Henry VIII set out to improve the Palace at Hampton Court by demolishing Wolsey's Great Hall to build an even larger one which he begun in 1532. He also remodelled the Chapel Royal and added the vast kitchens needed to service the large number at Court. These kitchens were well laid out so that various tasks could be performed in separate areas. there were areas for the dairy, fish, baking, pie making, cellars as well as the main kitchen and servery.

When visiting the Palace, you walk through Wolsey's gate into Base Court and then on through the Clock Tower gate into Clock Court and it is here that you can plan your tour. There are various 'costumed' guided tours of the State Apartments. These tours include, King Henry VIII, King William III and Queen Mary's State Apartments in separately timed tours throughout the day. There are further tours and activities which are presented on a programme upon entry to the Palace. My advice is to take these tours, starting with a tour of King Henry's State Apartments, so that you then work through the history of the Palace in chronological order to build up a picture of how it changed and developed over the years.

The tour guides are very well appointed in authentic dress and are very knowledgeable on the period and the Palace. The guides take a character from history who would have been associated with the monarch at the time. My tour of the State apartments included Lord Leicester and Catherine Howard, later to be one of Henry VIII's wives. To a certain extent, the tour is a play between the guides to get across to the visitor what was going on at that time and is a light hearted way of learning the history.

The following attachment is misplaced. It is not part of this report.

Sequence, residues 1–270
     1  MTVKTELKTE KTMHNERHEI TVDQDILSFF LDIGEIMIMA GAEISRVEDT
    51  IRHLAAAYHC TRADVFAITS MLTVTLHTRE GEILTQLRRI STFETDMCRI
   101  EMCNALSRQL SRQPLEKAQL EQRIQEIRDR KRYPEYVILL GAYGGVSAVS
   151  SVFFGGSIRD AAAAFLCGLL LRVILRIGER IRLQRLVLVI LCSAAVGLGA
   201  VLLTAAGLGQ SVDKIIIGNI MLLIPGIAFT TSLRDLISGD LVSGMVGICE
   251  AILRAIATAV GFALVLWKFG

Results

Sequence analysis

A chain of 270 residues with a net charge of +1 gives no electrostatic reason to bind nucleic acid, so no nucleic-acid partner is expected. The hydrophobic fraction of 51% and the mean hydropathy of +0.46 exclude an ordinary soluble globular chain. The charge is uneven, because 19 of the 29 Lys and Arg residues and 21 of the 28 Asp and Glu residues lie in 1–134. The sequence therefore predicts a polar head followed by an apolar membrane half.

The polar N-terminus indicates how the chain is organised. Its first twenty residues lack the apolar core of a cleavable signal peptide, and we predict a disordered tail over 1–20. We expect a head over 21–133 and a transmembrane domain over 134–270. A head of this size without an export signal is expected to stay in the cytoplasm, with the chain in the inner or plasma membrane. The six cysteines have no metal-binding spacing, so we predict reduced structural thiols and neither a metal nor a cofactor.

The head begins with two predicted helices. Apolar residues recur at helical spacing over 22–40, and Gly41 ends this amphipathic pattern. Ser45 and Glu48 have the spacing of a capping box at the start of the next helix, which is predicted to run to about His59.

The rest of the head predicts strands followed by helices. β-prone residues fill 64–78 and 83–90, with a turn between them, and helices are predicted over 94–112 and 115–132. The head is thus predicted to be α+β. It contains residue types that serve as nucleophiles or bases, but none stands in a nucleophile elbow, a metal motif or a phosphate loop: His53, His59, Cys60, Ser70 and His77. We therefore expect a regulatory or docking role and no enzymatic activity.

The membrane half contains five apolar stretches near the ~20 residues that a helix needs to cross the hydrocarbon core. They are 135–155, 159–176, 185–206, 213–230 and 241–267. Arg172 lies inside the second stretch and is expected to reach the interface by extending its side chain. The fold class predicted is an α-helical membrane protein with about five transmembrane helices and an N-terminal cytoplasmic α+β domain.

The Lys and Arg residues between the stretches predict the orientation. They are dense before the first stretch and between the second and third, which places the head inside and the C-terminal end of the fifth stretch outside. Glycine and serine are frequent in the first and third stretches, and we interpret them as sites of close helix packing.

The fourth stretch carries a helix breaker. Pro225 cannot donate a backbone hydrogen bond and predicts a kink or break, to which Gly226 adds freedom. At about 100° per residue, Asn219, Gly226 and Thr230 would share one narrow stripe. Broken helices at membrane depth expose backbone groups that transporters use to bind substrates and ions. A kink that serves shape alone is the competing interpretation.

The tour of Henry VIII's State Apartments includes the Great Hall with its mighty 'hammer beam' roof, and some of Wolsey's rooms. Unfortunately, many of Henry VIII's private apartments were demolished by William and Mary when they set out to improve the Palace. However, the Tudor Kitchens do remain and are worth a visit after the tour of Henry VIII's State Apartments. If you are luck, there are at times demonstrations on Tudor cooking going on in the kitchens.

To follow on from Henry VIII's State apartments, take a tour of William III's State Apartments. For this tour I was guided by a courtier of William and Mary, resplendently dressed in beautiful red coat with ample gold braid. He also wore a very fashionable wig, without which I am sure he would not have been allowed to enter the State Apartments at that time.

Not much had happened to Hampton Court from the time of Henry VIII to the time when William and Mary came over from the Netherlands to rule jointly as King and Queen, keeping a protestant faith on the throne. The Stuarts did little in the way of changes to the fabric of the palace, although Charles I did add to the collection of art treasures. Indeed, Charles II hardly spent any of his time at Hampton Court.